How do you lift 800 people into the air? Gather them under the stars in the Ford Amphitheatre and dance.
Five innovative Southland companies did that recently, setting forth an astonishing array of talent, displaying the range and power of the vast, rich language that modern dance has become.
Lula Washington Dance Theatre
This Watts-based ensemble, soul child of the Alvin Ailey American Dance Theater, has itself become an established engine of LA (and American) culture.
Their Desperate — part of Tamika Washington-Miller’s Message to My Peeps — urgently embodies the need to focus, overcome fear, encourage one another and rise up to speak truth to power. Don’t doubt it: Dance can be as potently political as it is poetic. You can dance and shame the devil.
On a far corner of the aesthetic court is the company’s Beautiful Venus and Serena. Skirt-clad and carrying racquets, six dancers interweave the gestural words of dance and tennis with wit and grace, to a lush original jazz score. A final pas de deux pays loving tribute to the goddess-like sisters who forever changed the game.
Nanette Brodie Dance Theatre
The evening’s host company continues the evolution of what was called “modern dance” last century, when it broke from ballet in the artistry of Ruth St. Denis, Martha Graham, Agnes de Mille et al.
Their Heartland – The Immigrant Song (from Beyond the River) paints with a pastel palette, pairing and re-pairing four dancers in a lyrical flow to the familiar hymn, Praise to the Man. The gently paced, quiet piece recalls us to the simplicity from which elegance arises.
In Fuerza, four male dancers turn the tropes of mating display, competition and combat, to a jarring percussive score. It ends with discovery of the loss hidden in the winner’s prize.
In Body of Water, 15 dancers build a slow crescendo of ceaselessly cross-folding rhythms, widening and deepening in complex currents and tides. Some enact shapes that the seas and rivers work their creatures into, while others — when an A-frame invades the stage’s upper level — rush and fall in the surging, ebbing shapes water takes around a static form. We recall that we, too, are water.
Invertigo Dance Theatre
The evening’ youngest company, Invertigo (led by founder Laura Karlin), focuses on character, story, and playful — often striking — uses of the body human.
In Waiting at Home for the Witches, three male dancers loaf and lounge, waiting for their wives to return from meeting Macbeth. Their aimless “boys in the rec room” posturing yields swiftly to revelation and intimacy, rich with surprise combination moves. Each unfolds his private experience, yet all three tend and support one another. The climax comes in a peerless, poignantly comic “Dance of the Roses” (was that Nijinsky’s ghost?).
LA Contemporary Dance Company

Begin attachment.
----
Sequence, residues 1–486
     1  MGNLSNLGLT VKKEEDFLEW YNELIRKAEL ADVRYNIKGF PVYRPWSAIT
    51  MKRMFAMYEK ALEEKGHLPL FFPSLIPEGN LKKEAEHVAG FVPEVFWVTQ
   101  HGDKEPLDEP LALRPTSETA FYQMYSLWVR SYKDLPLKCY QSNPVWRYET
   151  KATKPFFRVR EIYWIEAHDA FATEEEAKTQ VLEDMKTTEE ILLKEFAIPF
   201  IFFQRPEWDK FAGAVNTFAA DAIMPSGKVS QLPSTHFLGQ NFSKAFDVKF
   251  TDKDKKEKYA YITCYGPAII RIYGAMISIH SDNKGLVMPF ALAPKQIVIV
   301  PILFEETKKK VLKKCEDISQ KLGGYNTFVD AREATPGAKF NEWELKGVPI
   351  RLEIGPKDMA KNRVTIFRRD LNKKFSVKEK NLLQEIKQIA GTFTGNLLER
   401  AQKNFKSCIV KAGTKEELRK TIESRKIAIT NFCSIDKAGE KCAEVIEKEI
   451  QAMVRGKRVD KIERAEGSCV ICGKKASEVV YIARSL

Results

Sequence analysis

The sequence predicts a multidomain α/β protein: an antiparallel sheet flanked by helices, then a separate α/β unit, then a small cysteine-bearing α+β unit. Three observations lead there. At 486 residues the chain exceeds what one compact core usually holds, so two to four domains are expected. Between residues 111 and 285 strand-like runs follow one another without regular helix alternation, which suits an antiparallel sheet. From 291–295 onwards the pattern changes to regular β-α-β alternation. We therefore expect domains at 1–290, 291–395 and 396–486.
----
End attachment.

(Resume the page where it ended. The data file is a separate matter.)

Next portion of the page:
The concert openers, this youthful downtown troupe led by Kate Hutter deploys its forces with almost reckless , versatile abandon.
The Better to See You With plays with themes of predation and passion, hangin’ out and hookin’ up, longing and leaving, and claiming power. The 10 dancers fill and re-fill the stage, at times telling stories in overlap, shifting styles and stories to an eclectic musical menu. Holly Rothschild’s choreography is inventive and demanding, but the troupe rings the changes as if it were easy.
Jazzworks – Long Beach
These alums of the CSU Long Beach dance program paint with the mass and spectacle of stadium dance. Founder Andrew Vaca is a leading sports and event choreographer.
Their General Education, a four-part primer, the dozen dancers wheel with exciting energy through an increasingly complex array of constellations, ranging across moods and musical styles. True to the spirit of ensemble, they constantly share turns in the spotlight, yet maintain the effect of close, synchronized unity.
One LA summer 50 years ago, I saw the Royal Ballet’s Swan Lake (with Rudolf Nureyev and Margot Fonteyn) — and the brash young Alvin Ailey’s radical new work Labyrinth. Between them lay all of what it was then possible to say in the wordless language of dance.
That language has exploded.
We need to talk about it. Though newspaper-based criticism has evaporated, we need to review and explore LA’s thriving, vibrant dance world. The art is boiling here, and its bubbling heat lifts people lucky enough to experience it into another realm.
“People lucky enough to experience it.” They’re far too few. We need to start booking dance shows for longer runs — 2-4 weekends at least — so the word can spread, and new audiences can be lifted up and blown away by what our dancers are doing.
2nd Annual LA So-Cal Invitational Dance Concert, presented by the South Coast Dance Arts Alliance.
At the John Anson Ford Amphitheatre, 2580 Cahuenga Blvd.
June 20 only.